I find it interesting to consider what life must have been like for my mother’s brother. He was the first known case of Kennedy’s Disease in our family. At that time, he was diagnosed with muscular dystrophy because doctors didn’t know about Spinal Bulbar Muscular Atrophy
His family lived on a farm in South Dakota. I’ve seen pictures of him in a wheelchair next to a two story farmhouse with five steps leading up to the porch. All the bedrooms were on the second floor. Outhouses were often the only facilities available, especially in the winter when pipes froze up. If you were wealthy, you might have a bathroom in the house.
There was no such thing as handicapped accessible around the farm or in town. No ramps, steps everywhere, few sidewalks and plenty of gravel or dirt roads. Wheelchairs did not appear to be very comfortable and many didn’t even fold up. The first commercially offered electric powered chairs didn’t appear until the 1950s. I envision the term ‘caregiver’ taking on an entirely different perspective in those days.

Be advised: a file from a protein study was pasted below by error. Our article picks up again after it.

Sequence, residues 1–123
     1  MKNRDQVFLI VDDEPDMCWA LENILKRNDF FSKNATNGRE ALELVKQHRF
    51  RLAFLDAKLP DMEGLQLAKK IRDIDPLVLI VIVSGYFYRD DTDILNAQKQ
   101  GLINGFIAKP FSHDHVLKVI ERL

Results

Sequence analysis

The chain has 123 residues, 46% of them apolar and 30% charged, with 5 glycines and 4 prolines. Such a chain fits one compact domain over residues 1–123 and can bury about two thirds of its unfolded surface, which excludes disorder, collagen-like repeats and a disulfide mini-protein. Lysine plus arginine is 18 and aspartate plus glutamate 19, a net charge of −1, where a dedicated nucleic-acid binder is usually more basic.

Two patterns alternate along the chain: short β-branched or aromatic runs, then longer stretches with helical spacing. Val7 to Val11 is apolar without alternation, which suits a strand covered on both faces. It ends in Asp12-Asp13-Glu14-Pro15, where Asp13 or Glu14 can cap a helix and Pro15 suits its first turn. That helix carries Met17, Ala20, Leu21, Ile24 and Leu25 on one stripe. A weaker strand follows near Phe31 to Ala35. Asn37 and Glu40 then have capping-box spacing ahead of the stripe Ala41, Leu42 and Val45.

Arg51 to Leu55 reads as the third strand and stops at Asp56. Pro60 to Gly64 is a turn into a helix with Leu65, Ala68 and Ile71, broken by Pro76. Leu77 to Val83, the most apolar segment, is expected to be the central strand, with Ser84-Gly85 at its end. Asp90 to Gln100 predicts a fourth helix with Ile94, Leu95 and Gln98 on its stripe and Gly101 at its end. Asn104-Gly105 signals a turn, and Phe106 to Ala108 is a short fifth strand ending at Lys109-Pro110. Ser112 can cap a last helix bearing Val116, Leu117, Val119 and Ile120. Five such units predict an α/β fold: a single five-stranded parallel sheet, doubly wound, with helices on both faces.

Somehow my uncle managed to maintain a reasonable and meaningful life.
Today, it is easy to complain about a business not handicap accessible, Or, one just modified to the minimum guidelines of the law. And, it is frustrating when no handicap parking is available.
I have written about ‘adapting’ in earlier posts. We adapt as the motor neurons die and the muscles atrophy. We don’t like what is happening. We often complain. Yet, if we are to maintain a meaningful life, we still must adapt.
I am just thankful that I live in a time where being handicapped is far less restrictive.
If interested, below are several posts on Adapting: